Pan-democrat lawmakers boycott Chief Executive CY Leung's lunch
Nearly half of those elected, including all but three pan-democrats, skip event intended to help chief executive build ties with legislature
Just over half of the 70 newly elected lawmakers attended a lunch hosted by Chief Executive Leung Chun-ying at the Admiralty government offices yesterday.
Major pan-democratic parties, citing national education as a main sticking point, boycotted the gathering, one of Leung's first attempts to build a working relationship with the new legislature.
Despite the boycott, Leung struck an upbeat tone.
He said the lunch was meant to show the great importance he attached to the relationship between the executive and legislative branches of the government.
"Sixteen among 20 principal officials in our administration are here today, to congratulate the newly elected lawmakers and those who have just won another term," Leung said.
"I wish that today will be a good start … [and I] hope to build Hong Kong in a better and quicker manner with the Legislative Council as well as all lawmakers."
The pro-government camp won 43 seats in the September 9 Legco election showdown, while the pan-democrats took the remaining 27.
Only 38 lawmakers attended yesterday's lunch, of which 35 were pro-government members, including almost all the camp's new faces.
The three pan-democratic attendees were newly elected Charles Mok of the information technology sector, Joseph Lee Kok-long of health services and Frederick Fung Kin-kee from the Association for Democracy and People's Livelihood.
Three other pan-democrats - NeoDemocrat new face Gary Fan Kwok-wai, "Long Hair" Leung Kwok-hung and the Labour Party's Fernando Cheung Chiu-hung - handed petitions to Leung but left before the meal.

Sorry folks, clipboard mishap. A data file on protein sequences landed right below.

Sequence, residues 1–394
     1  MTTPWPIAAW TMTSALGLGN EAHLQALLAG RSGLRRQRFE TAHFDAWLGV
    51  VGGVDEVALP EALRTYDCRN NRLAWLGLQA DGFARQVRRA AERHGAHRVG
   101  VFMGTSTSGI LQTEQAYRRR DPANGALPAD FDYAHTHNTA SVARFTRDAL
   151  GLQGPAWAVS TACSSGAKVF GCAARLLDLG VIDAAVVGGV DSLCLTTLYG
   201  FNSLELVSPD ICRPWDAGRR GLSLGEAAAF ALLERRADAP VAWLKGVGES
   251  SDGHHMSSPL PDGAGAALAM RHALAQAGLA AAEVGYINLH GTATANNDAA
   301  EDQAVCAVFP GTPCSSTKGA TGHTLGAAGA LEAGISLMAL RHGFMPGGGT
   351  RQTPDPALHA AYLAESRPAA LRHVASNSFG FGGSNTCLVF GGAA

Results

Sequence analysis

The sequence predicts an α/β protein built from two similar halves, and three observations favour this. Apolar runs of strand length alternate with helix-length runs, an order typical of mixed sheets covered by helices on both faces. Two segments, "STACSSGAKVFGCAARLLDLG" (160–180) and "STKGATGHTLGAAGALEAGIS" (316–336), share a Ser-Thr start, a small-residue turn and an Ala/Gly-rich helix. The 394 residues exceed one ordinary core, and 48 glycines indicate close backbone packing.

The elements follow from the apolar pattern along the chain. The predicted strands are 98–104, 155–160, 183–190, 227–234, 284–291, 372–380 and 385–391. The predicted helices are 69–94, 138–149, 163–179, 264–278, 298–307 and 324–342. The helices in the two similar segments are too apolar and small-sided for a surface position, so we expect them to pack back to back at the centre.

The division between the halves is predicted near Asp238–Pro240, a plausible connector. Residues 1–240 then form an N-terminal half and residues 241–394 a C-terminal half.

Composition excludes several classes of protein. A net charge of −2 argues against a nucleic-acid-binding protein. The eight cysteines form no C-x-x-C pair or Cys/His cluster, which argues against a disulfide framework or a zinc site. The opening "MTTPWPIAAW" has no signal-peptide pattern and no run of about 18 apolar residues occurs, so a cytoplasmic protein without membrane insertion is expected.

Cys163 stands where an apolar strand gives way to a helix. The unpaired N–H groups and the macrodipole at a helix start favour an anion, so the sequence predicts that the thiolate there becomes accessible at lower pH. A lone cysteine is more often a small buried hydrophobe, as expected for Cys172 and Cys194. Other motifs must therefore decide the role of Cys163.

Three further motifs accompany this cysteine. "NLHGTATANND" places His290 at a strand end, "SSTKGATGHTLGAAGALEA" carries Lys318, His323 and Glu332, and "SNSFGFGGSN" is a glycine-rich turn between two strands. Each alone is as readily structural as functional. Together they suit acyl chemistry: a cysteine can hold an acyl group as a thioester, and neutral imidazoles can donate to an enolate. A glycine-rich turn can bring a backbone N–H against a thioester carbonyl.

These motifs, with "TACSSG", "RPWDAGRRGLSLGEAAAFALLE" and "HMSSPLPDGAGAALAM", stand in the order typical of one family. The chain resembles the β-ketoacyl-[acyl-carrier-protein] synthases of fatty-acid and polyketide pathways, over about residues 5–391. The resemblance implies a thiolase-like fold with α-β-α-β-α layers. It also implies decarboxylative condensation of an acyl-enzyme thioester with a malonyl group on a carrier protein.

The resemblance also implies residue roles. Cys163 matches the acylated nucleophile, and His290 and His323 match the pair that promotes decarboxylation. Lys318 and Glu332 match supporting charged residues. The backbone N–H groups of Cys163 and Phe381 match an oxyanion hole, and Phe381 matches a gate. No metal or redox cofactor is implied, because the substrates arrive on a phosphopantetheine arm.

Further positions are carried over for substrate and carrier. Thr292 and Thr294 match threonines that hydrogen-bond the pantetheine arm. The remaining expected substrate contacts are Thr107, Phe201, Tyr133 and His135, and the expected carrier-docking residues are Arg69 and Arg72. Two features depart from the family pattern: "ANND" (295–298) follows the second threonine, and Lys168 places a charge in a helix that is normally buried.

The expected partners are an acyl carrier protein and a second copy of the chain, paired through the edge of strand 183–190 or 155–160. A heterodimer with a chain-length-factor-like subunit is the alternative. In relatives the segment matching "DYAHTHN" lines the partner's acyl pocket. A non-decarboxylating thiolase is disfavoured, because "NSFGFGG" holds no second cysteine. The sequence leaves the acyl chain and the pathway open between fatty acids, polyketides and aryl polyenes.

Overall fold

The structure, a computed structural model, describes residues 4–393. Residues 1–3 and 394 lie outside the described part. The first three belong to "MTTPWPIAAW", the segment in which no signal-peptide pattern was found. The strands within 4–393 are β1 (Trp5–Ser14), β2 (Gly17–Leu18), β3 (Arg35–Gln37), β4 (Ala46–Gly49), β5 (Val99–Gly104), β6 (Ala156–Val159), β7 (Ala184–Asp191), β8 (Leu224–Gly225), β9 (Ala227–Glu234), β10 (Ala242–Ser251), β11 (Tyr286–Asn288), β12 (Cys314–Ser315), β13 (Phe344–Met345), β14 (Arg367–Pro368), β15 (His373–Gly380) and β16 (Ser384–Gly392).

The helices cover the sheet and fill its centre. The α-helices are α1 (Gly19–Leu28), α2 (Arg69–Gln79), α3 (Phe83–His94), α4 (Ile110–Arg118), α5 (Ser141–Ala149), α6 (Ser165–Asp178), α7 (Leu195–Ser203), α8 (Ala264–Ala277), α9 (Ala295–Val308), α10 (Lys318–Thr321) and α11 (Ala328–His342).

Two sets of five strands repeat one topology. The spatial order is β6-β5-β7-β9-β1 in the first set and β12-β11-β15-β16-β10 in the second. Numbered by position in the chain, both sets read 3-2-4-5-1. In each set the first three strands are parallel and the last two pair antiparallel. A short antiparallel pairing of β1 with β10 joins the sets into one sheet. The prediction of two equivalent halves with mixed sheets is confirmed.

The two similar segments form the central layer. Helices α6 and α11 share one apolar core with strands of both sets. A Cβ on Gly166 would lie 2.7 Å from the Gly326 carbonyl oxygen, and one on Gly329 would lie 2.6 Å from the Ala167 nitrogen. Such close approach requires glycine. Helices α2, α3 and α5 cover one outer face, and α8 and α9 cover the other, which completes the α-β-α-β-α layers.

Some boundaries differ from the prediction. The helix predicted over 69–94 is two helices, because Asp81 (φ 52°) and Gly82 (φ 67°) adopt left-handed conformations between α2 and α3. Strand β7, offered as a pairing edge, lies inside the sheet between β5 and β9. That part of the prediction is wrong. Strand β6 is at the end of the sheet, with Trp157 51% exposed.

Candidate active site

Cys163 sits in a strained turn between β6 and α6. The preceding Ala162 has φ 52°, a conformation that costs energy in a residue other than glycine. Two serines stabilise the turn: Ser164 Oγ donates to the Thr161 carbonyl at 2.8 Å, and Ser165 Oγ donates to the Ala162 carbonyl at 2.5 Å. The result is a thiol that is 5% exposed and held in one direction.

The trio called for the withdrawal of the national education curriculum and for rights for the disabled.
The Democratic Party and Civic Party stayed away. They said Leung had not done enough to allay worries over national education. The chief executive scrapped a three-year deadline for implementation and allowed schools to decide whether to teach the subject.
Leung held the lunch about a week after the election, in contrast to the practise of his predecessor Donald Tsang Yam-kuen, whose lunch with the new legislature four years ago - hosted by Legco - took place in late October, more than a month after the ballot. Tsang did not return the gesture until December 2008, when more than two-thirds of lawmakers turned up.
Meanwhile, outgoing Legco secretary general Pauline Ng Man-wah said she expected plenary sessions to take longer in the new term, starting next month.
"Because we have 10 more legislators … plenary sessions every Wednesday may last two hours longer, probably until midnight," Ng said. "It may also continue for two to three more hours on Thursdays, and Thursday sessions may become a routine."